I was viewing my Doodlebeads 1 download and I understood  enough to figure out the Peyote circles.  Unfortunatey, Doodlebeads moves too fast, does not take you through enough of the steps for beginners, and there are not enough close ups of the work to really learn much..so far at least.  Like my magazines, I felt that I had to already know something about beading  (circle forming, step up)  to get anything out of that video.  Still, I was very happy to learn ANYTHING.

Since then (3 nights ago) I've  made a set of earrings, using one of the patterns on the Doodlebeads video, and I've made several even count tube beads ( used videos I found on the web via suppliers and youtube).  

I think I'll stay with Peyote stitches for a while...need to build up my confidence and skills (tenson & terminology) before I try any other stitch again. I believe this will help me learn some other stitches more easily in the future.  I'm now glad that I didn't quit.

Sally@46 wrote
on May 3, 2013 12:56 PM

I learned basic brick.  I made and created designs for earrings.  I learned Peyote and I now do any and every stitch.  I found spirals are the easiest to learn for a beginner.  It is versatile and can be made double and with accents and larger beads as well.  It is a good successful way for beginners to achieve and become hooked on beads.  What I depend on is brick stitch.  I can do it without thinking and can bead in my sleep.....lol.  If you love beads it will be great in any stitch.

Ann T2 wrote
on May 3, 2013 1:21 PM

I did some loomweaving in my teenage years (early 1970s!), but my first off-loom beadweaving was in a peyote beaded-bead class at T&T Trading Post in Grand Ledge, MI. (I'm not related to them, but am a fan - great store, and Dan is a super-patient and clear teacher.) We made simple even-count tube beads with Delicas, which is an easy way to start. I've since moved on to other stitches - brick, various spirals, herringbone, RAW, etc., learning on my own, from books.

BeadPassions wrote
on May 3, 2013 1:29 PM

My first bead class was for peyote, which none of us in the class (1997) knew anything about.  The teacher started with odd-count!  Can you imagine?!  We were all so discouraged.  But then it got easier once we learned even-count, which should have been first.  Looming came next, and I eventually bought a Mirrix bead loom, which is beautiful, although the heddles boggle my mind. Now I do them all.  Peyote is my "go to" stitch, while right angle weave still alludes me more than any other stitch.  I would just say go for it!  Be fearless, and know you can always put your samples in a "sample box" or take the beadwork apart and use the beads again!  No worries.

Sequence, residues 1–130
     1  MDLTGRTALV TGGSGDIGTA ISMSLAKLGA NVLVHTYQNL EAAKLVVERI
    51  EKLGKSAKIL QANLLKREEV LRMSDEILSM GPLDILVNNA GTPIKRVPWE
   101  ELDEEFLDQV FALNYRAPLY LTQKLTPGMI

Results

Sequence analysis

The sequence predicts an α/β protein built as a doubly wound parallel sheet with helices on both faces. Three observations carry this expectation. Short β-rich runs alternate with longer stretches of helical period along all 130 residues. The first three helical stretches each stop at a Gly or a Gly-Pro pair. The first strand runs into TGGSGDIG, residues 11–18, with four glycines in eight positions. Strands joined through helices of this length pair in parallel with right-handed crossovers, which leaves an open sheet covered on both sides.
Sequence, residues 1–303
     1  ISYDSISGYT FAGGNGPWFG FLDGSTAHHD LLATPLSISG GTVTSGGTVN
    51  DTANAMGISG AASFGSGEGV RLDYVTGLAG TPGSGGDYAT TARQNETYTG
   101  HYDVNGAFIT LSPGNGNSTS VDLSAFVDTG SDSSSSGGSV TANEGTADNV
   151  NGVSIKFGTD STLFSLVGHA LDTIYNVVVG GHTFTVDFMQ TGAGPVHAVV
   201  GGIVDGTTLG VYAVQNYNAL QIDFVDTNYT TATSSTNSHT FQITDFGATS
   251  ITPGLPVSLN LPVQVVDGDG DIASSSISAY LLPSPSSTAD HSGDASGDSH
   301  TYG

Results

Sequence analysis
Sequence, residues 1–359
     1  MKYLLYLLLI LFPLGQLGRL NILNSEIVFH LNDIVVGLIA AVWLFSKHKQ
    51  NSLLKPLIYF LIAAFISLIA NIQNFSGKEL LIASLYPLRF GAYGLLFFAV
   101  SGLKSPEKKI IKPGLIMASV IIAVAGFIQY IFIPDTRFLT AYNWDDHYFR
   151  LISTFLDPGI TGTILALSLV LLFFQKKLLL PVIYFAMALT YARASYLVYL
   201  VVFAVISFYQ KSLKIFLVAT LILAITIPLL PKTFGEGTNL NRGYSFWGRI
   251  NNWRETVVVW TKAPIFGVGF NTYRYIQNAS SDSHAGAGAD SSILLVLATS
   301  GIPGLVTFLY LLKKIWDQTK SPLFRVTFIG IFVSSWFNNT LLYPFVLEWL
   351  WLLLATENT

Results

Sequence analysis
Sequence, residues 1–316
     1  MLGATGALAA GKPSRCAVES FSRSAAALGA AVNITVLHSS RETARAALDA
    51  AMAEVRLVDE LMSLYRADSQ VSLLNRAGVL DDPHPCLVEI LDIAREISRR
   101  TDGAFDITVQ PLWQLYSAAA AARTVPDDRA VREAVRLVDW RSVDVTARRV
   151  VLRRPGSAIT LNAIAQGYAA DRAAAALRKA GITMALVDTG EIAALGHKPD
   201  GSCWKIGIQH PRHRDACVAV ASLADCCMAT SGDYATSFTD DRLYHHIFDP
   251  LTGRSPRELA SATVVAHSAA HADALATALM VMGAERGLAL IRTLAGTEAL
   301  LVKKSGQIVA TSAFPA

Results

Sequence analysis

Roseynut wrote
on May 3, 2013 3:54 PM

I have been a crocheter all my life, so I guess I'd have say say the first stitch I did was bead crochet, but... to me, that really didn't count.  The first real all-bead piece I did was diagonal peyote using 6/0 cube beads.  I caught on to it pretty easily, but I think it's because the beads were so large.  I think that's the best way to learn peyote.  Since then, I've learned most of the other common stitches.   But I still use peyote the most and love to make shaped pieces (a la Diane Fitzgerald).  However... I think my next project is going to be a tapestry using square stitch!

on May 3, 2013 5:12 PM

I started with square stitch. I love the way I can embellish on top of a sqaure stitch base. Then I learned peyote stitch. That to was fun. My worst stitch is raw, and brick stitch. I need to practice these more.

Mearla wrote
on May 3, 2013 10:03 PM

I believe the first bead stitch I learned was "DNA" or Spiral Stitch.  I watched it being done on TV by Carol Duvall and wrote out the instructions & made diagrams to make later, after I was able to buy beads, etc.  I then began buying magazines & books & started learning other stitches from the instructions in them in order to make the projects that appealed to me.

Later, I was in FL visiting my sister when I was in a beadshop that had a gorgeous odd count peyote stitched amulet bag in the window.  I had done even count peyote stitch, but not odd count.  The shop offered a class, but, of course, I wasn't going to be in FL long enough to take the class.   So, I purchased all the beads & the pattern to make the amulet & when I got back to MI, I found a shop that offered classes.  

Even though there were only 3 of us in the class & one of the ladies already knew how to do odd count peyote using pony beads, I could never make sense of what the teacher told me.  The teacher told me that the turn on the odd count peyote was different every time, so she couldn't write out how to do it.  That didn't make any sense to me & still doesn't.  So, I have $80 worth of beads to make an amulet that I can't complete, even after taking a $40 class over several nights.  I came away feeling dense & haven't had the courage to try to complete that amulet on my own.

I still love beadweaving & will tackle odd count peyote again someday!  I think I'll do better following instructions & diagrams in magazines/books.

Jocille wrote
on May 4, 2013 1:22 AM

My first intro to beading was stringing & knotting pearls.  Then I moved on to Brick Stitch after buying a book written by Deon DeLange.  When it comes to the best first stitch to learn, I would vote for peyote.  My reasoning is that, if & when you make a mistake, it is by far easier to do the frog stitch (rip-it) with peyote.

Joy@121 wrote
on May 4, 2013 10:06 AM